May 26, 2010
Amanda Emmert Of Muse Comics On Female-Unfriendly Direct Market Stores
The well-regarded retailer and industry advocate Amanda Emmert of Muse Comics
sent me the following letter in response to this editorial from last Sunday
. I think I may disagree with every word she's written, but out of respect for Amanda and what was likely a considerable effort in making her objections known I wanted to give her words the widest possible audience without
the usual, immediate, combative response, especially for the sake of those that might have read the piece to which it responds and in hope it will make for a better conversation over time. My thanks to Amanda for allowing me to publish the following.
I wanted to take a moment to respond to just a few things in your post about the female un-friendly DM, and if you want to talk more about it I'd be happy to email more. But just a couple of quick things:
1. Saying direct market stores as a whole, or even as a majority, are un-friendly to females and then basing that on anecdotal experience is a tough way to start a conversation or debate. It's like me saying that most men are chauvinists because I have 200 anecdotal experiences with chauvinistic men; it's hard to talk someone out of a stereotype or a prejudice. I could come up with 200 anecdotal examples of female friendly stores but you'll probably have more anecdotes to counter that, and in my experience some women can be put off by a shop for many reasons including the product, not by the actions of the employees or the set-up of the store itself.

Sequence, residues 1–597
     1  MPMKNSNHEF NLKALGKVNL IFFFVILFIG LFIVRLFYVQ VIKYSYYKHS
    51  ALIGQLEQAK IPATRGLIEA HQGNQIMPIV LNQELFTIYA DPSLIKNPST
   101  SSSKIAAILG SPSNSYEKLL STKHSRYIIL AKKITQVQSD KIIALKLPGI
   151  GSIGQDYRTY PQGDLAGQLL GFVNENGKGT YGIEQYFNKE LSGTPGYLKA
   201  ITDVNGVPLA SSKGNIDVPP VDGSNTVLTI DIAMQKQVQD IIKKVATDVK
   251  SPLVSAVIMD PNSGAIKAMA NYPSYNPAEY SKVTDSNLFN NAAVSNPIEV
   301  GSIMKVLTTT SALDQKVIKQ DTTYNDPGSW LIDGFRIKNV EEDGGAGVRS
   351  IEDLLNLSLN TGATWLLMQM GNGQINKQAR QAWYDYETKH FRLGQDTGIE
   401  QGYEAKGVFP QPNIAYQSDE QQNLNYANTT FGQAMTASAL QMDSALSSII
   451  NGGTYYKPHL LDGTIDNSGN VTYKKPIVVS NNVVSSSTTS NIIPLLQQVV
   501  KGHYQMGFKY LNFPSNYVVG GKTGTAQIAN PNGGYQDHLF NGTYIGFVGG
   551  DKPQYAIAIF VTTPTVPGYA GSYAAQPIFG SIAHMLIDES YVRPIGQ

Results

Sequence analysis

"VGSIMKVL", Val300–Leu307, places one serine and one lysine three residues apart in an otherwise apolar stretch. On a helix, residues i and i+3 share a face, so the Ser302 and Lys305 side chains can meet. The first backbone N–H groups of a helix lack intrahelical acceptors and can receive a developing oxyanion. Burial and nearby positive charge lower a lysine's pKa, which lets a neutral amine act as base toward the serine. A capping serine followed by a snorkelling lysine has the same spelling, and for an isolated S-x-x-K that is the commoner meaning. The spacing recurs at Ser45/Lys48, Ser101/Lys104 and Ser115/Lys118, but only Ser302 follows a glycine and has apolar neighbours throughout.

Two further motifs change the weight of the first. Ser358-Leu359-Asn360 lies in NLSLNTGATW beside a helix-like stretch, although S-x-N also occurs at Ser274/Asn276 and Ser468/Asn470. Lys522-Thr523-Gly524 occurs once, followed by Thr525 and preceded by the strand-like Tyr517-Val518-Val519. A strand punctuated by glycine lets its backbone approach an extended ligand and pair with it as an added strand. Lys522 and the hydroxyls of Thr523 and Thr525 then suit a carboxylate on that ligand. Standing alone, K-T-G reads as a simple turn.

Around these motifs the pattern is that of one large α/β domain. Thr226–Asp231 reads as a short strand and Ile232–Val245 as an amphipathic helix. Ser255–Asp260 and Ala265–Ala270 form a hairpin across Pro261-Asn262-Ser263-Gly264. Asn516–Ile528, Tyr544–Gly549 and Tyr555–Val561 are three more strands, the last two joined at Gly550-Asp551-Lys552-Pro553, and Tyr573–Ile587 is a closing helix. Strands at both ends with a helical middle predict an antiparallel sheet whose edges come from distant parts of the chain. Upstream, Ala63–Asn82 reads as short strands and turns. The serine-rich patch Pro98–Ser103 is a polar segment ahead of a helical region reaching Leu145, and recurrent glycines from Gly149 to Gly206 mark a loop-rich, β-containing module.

I have a small, female-owned shop. I've been complemented by female readers, moms, librarians and teachers for over a decade for how inviting my store can be for women. That said, I have had many women put off by my store. It can be anything or a combination of things--we carry card games and miniatures and those are male-dominated hobbies and sometimes a wife or girlfriend can happen to come in when there are more men in the store than women. We don't carry any porn comics but there are still plenty of highly regarded indy comics we carry that can put women off. (Do you know how popular in indy comics is the lonely-guy-masturbation scene, seriously?)
It's hard to even write about this without over-generalizing. We can talk about female-friendly products only as a generalization. Many of the women who come into my store would be put off by Tarot: Witch of the Black Rose but that book has female readers. So do the Zenescope titles. Books that you might think, inside of our industry, are female-friendly can be off-putting. Gail Simone writes wonderful, tough, smart female characters but have you seen what they wear? Gail doesn't have control over that when it comes to writing established characters, but very few female characters in comics are actually female-friendly in the general sense and that's not limited to superhero comics. How put off you are by that just depends on how much, as a reader, you're used to it, how much you care about it, or how much you like it.
When I talk to other retailers about setting up a female-friendly store, I have talked about not putting up posters or even fully-facing books that may put off the casual female reader. But even that is difficult; almost all of the characters we have (mainstream AND indy) can be off-putting if you aren't already into comics. And then as a retailer you're in the position of not advertising a book that could sell very well for you if it's promoted to customers you already have in order to appeal to casual readers who you don't have as customers yet. That's a tough place for a retailer to be.
That's not to say that balance isn't frequently achieved, because we do have many, many wonderful stores that are friendly to everybody. I just wanted to point out that stores can seem unfriendly to women just for carrying comics, not because the owner or the employees are behaving badly or haven't set up a nice store.
2. Okay, so in defense of the direct market: we have many, many wonderful stores. Most of the stores I visit are comfortable and trying to appeal to a wide customer base. Do we have stores that even I, having worked in comics retail since I was 16, wouldn't shop in? Yes, we do. The answer to that is not going to be to continue to talk about how unfriendly the direct market is to women.